David Dulberg
September 2018

Barbara Underwood leads 16 AGs in Fight to Retain Gainful Employment Rule

Led by New York Attorney General (AG), Barbara Underwood, a coalition of 16 state AGs are pushing back against the proposal of Department of Education Secretary (DOE), Betsy DeVos, to rescind Gainful Employment regulations. The intention of these regulations, slated to go into effect on July 1, 2018, is to increase transparency and accountability of colleges, both traditional and for-profit.

In a letter to DeVos, the coalition pointed out that the Gainful Employment rules provide “crucial disclosures” to students. This is particularly true for for-profit online colleges. States cannot protect students who attend out-of-state online schools. The letter notes “widespread misconduct” by for-profit online schools, in particular, misrepresenting student employment and salary outcomes.

Delay of the rule, according to the letter, will allow schools that operate beyond state oversight to continue to offer predatory loans and misrepresent student outcomes and school accreditation. In addition, without the rule, online schools can continue to misstate requirements for obtaining state professional licenses. This can leave students stranded without a usable degree.

DeVos’s Letter

In an August 10 letter announcing cancellation of the rule, DeVos stated that students deserve “useful information” and that schools should not be targeted because of their “tax status.” According to the letter, DOE updates to the College Scorecard or similar tools provide “actionable and accurate information.”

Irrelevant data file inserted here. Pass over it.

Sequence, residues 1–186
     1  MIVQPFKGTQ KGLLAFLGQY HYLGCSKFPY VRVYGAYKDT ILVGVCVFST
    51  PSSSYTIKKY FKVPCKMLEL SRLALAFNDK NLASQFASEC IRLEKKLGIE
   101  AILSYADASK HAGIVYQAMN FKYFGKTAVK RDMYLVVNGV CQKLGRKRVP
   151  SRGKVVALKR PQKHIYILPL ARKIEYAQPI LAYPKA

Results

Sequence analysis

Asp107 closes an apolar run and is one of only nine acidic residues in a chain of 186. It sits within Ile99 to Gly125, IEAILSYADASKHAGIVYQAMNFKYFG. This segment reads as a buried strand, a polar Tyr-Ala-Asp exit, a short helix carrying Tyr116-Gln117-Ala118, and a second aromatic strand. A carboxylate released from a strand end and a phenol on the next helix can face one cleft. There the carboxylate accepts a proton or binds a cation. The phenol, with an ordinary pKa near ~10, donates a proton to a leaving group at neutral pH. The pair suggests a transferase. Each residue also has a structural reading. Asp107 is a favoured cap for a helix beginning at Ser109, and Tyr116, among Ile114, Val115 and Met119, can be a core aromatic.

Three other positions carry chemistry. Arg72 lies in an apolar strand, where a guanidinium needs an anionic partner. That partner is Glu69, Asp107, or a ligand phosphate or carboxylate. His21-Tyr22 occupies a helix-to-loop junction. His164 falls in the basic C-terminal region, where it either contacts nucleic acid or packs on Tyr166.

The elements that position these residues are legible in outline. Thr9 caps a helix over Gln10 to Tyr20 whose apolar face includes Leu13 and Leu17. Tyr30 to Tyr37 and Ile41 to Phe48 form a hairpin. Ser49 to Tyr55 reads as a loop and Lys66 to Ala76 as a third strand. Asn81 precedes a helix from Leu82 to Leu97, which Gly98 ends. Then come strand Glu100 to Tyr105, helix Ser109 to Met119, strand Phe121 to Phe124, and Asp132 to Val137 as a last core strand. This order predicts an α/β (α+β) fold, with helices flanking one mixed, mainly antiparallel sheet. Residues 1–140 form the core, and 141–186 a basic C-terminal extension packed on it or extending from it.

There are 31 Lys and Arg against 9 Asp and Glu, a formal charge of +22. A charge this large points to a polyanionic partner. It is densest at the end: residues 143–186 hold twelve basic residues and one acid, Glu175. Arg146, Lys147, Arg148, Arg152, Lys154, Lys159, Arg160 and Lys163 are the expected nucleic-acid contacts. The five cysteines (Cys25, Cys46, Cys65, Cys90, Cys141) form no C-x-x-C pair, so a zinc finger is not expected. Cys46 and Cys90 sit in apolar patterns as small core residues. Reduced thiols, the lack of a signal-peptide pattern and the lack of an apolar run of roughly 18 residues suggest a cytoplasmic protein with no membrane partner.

The DOE is inviting public comment before implementing the repeal and DeVos insists that the new approach will “aid students across all sectors of higher education and improve accountability.”

According to Underwood, this is untrue. “The Trump-DeVos Department of Education continues to put special interests ahead of the students they serve. Our coalition of Attorneys General will continue to fight back.”

Support for the Gainful Employment Rule

AGs from states including Hawaii, California, Delaware, Virginia, Maryland, Oregon, Minnesota, and North Carolina signed the letter. These AGs believe the Gainful Employment rule helps prospective students make informed choices. Students need critical information such as average debt load, loan repayment rate, graduation rate, appropriate employment rate, and average earnings. The rule allows the government to pull federal student loans and grants from schools that repeatedly fail in these categories.

For-profit student loan default rates that are twice as high as public institutions. Still, DeVos aims to end the Gainful Employment rule on July 1, 2019. The rules are purportedly “burdensome” and reinforce “inaccurate and outdated” beliefs that vocational programs are less valuable to students.

The DOE has not yet announced when the 30 day comment period will begin, but it is sure to be contentious.

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David Dulberg

David Dulberg lives with his wife in the coastal hills above a narrow creek, mid-canopy in a redwood forest. He has been writing for non-profits for many years, and volunteers as a pilot on the Baum Squad, a tandem bike riding program for the Earle Baum Center for the Blind. He does not have a pet. This does not make him a bad person.

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